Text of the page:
This plan would shuffle children among HCPS schools so that 6th graders would attend elementary schools in a K-6 configuration, 9th graders would attend middle schools in a 7-9 configuration, and 10th-12th graders would attend HHS on Garber’s Church Road. With the 6th/9th Grade Shuffle, every school would be affected by staffing and enrollment changes. Also, additional redistricting may be needed to balance distribution of these new enrollment populations across the system.
It doesn’t solve the fundamental current overcrowding problem.
According to demographic projections, 3 years after building a new elementary school and shuffling grades among buildings throughout the system, HHS on Garber’s Church again will exceed capacity of 1,350.
Who has proposed it?
Former Harrisonburg City Council member George Pace began floating this idea in 2016, suggesting, for example, that the city consider buying Pleasant Valley Elementary School from Rockingham County to begin the shuffle. Current supporters, according to the DN-R, appear to include Council member Ted Byrd.
Why has it been proposed?
During the past 3 years of analysis and study, the over-crowing problem in HHS has become acute, with nearly 1,800 students attending a school built for 1,350. Acquiring or building another elementary school and shuffling grades among HCPS buildings is said to cost fewer construction dollars in the short run than building a second high school, and could potentially open sooner. However, planning for a second high school has been underway since spring. No planning has begun for a seventh elementary school.
Would Rockingham County sell Harrisonburg Pleasant Valley Elementary School to Harrisonburg?
As of early 2017, no.
Where would a seventh elementary school be built?
No planning has taken place.
How would this plan affect 6th graders?
Sixth graders would have access to fewer course electives and fewer extra curricular activities, losing a year of access to these opportunities. Currently, sixth graders can place into the 6-8 math curriculum and participate in drama, FLEX, band/strings, technology, cross country, track, family and consumer science, cheerleading, specialized after school programing, and age-appropriate SPED and after-school programing. These opportunities cannot be replicated across seven separate elementary schools.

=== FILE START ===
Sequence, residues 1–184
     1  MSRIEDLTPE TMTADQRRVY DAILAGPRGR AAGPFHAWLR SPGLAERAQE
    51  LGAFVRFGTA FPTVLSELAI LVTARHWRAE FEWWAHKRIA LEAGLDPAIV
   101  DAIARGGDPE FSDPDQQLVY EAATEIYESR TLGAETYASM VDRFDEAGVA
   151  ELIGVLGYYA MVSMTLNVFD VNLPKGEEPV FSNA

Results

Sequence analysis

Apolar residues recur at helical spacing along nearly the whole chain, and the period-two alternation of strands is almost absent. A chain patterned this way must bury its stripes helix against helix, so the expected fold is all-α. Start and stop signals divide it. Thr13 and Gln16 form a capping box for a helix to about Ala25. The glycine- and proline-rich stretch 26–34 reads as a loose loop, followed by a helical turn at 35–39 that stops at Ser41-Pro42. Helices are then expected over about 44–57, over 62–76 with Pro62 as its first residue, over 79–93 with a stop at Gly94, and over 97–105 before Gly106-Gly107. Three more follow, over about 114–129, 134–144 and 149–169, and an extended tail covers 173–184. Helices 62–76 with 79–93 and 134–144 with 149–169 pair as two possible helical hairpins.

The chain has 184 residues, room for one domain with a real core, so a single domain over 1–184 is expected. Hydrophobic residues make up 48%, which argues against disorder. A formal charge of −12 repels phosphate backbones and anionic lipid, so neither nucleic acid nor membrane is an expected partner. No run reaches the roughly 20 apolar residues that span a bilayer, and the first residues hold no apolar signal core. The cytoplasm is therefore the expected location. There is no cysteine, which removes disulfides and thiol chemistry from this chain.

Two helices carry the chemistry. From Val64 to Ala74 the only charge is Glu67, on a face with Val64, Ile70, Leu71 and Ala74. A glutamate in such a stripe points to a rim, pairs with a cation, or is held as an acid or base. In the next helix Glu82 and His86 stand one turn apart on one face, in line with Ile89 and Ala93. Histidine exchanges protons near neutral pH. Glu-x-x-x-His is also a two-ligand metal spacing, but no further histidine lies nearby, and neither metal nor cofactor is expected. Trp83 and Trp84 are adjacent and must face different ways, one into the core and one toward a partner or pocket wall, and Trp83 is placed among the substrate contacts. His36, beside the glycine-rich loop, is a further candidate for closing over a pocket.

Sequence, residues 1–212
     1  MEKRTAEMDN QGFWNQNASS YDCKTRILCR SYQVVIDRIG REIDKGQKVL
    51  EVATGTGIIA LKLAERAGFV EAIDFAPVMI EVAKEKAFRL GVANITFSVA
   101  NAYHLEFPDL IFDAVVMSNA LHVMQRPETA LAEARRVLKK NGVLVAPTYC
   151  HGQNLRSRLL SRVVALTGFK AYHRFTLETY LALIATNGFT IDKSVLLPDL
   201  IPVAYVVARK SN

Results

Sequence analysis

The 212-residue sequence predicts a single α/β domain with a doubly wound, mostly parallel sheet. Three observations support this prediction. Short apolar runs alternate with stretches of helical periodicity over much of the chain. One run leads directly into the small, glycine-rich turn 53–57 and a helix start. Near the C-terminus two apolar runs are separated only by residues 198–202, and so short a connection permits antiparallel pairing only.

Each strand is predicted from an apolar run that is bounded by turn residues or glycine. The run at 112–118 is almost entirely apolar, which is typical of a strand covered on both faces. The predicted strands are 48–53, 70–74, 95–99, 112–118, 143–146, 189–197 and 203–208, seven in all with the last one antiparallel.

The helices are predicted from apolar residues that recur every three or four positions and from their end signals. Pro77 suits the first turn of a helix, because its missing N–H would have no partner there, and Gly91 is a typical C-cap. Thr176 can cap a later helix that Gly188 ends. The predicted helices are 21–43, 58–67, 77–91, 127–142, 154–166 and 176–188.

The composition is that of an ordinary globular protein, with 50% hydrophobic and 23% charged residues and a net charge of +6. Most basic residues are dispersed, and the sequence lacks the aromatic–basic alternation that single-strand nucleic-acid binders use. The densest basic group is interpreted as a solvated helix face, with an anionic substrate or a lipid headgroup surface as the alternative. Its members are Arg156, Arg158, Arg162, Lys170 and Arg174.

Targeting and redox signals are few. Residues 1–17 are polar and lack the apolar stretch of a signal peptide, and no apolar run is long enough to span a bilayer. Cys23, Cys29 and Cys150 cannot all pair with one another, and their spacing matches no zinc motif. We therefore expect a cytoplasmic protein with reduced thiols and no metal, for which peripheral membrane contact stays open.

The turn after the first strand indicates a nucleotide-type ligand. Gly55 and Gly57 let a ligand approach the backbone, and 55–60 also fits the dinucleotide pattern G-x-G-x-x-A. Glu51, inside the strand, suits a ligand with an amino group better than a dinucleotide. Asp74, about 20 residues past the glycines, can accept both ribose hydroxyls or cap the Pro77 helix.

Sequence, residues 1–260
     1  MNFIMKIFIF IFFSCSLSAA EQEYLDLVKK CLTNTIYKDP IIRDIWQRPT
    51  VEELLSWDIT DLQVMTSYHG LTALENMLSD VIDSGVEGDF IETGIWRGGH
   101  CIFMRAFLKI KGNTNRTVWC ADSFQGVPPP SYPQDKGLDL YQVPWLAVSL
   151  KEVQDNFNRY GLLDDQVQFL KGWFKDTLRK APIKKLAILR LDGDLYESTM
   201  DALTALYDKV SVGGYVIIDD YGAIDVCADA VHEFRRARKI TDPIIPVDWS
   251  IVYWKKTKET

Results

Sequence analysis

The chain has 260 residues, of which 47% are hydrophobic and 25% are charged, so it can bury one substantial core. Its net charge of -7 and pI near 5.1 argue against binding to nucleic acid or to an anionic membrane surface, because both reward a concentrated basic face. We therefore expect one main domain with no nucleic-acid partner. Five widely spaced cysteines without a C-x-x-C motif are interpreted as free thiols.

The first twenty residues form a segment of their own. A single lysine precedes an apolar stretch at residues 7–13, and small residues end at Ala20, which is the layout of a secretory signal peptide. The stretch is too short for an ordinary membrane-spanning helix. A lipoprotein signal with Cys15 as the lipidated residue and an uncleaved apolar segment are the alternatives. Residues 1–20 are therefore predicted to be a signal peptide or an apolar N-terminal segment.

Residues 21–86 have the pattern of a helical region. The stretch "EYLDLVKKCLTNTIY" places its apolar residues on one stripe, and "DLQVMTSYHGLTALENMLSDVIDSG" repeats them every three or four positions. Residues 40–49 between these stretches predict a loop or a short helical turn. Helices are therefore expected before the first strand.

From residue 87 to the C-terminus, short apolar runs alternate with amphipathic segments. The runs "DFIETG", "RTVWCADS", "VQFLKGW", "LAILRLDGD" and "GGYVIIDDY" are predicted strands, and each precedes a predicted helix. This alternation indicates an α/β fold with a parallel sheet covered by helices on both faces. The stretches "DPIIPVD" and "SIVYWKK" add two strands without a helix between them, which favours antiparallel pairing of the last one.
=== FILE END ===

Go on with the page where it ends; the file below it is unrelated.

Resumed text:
How would this plan affect 9th graders?
Today, a “ninth grader” does not exist in the traditional sense. Ninth grade is best understood as a status rather than an age. Ninth grade status is held by anyone who has fewer than 6 credits toward a diploma, and/or who is new to the US and does not have a transcript, or who has a transcript that needs to be transferred to the US. Given this definition, the age demographic of students who had 9th grade status in HCPS for 2016-17 was:
14 years old = 108 total students
15 yo = 294 ts
16 yo = 51 ts
17 yo = 27 ts
18 yo = 12 ts
19 yo = 4 ts
Last year, registration requests from students with 9th grade status involved more than 90 different courses (8 different math and 7 different English possibilities). These requests included upper level classes for advanced 9th grade learners, leveled courses for English language acquisition, and language supported sections of courses in core classes. For the majority of these courses in a 7-9-grade configuration, there would not be enough 9th grade students to run and staff the classes. Also, 9th graders would not have access to a wide array of electives, including journalism, debate, computer information systems, JROTC, Band/choir, visual arts, dance, tech education, and more.
How would this plan affect staff and other students in the HCPS system?
Sixth grade teachers would be dispersed throughout the city to 1 new + 6 existing elementary schools. 9th grade teachers would move to THMS and SKMS. Very young children would be attending school with older students; 4 year old PK students would be in the same building with 12 year old 6th graders. We would expect to see some change in SOL scores, in that data shows that the 5th grade move to the middle school in the past negatively affected some student’s academic performance.
Why has the Harrisonburg City School Board not supported this idea?
At this point, because this decision has been delayed for so long, we must plan for the future while we alleviate the short term effects of overcrowding on current HHS students.
The 6th/9th Grade Shuffle Plan would not be a temporary solution.
Any postponed decision years down the road to build a second high school becomes more and more expensive, more and more difficult, and thus more and more unlikely. It effectively commits HCPS to a 10-12thgrade mega school over the long run.
The known operational costs of the 6th/9th Grade Shuffle Plan are large and neutralize most of the potential short-term construction costs advantages of building another elementary school instead of a second high school.
Most importantly, the plan takes away a wide variety of existing educational opportunities for children. The earlier students engage in learning, the more likely they are to complete and succeed. The shuffle plan threatens to reverse some of the educational achievements we’ve made system-wide over the last decade, and would make it harder for HCPS to achieve their goals and mission, which is to make all our schools a place where learning has no limits and together we work for the success of all.